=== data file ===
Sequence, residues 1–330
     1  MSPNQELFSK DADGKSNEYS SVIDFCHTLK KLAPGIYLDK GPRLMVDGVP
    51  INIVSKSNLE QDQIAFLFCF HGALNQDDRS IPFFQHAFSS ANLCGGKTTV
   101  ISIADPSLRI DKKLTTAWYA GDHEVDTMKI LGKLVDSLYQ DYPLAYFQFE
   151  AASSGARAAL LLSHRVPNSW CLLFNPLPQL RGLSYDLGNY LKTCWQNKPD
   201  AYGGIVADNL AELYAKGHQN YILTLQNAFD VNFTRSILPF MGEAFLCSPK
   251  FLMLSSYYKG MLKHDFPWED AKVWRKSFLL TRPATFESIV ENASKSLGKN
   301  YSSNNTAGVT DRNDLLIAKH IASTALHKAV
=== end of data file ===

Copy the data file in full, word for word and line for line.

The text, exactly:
Sequence, residues 1–330
     1  MSPNQELFSK DADGKSNEYS SVIDFCHTLK KLAPGIYLDK GPRLMVDGVP
    51  INIVSKSNLE QDQIAFLFCF HGALNQDDRS IPFFQHAFSS ANLCGGKTTV
   101  ISIADPSLRI DKKLTTAWYA GDHEVDTMKI LGKLVDSLYQ DYPLAYFQFE
   151  AASSGARAAL LLSHRVPNSW CLLFNPLPQL RGLSYDLGNY LKTCWQNKPD
   201  AYGGIVADNL AELYAKGHQN YILTLQNAFD VNFTRSILPF MGEAFLCSPK
   251  FLMLSSYYKG MLKHDFPWED AKVWRKSFLL TRPATFESIV ENASKSLGKN
   301  YSSNNTAGVT DRNDLLIAKH IASTALHKAV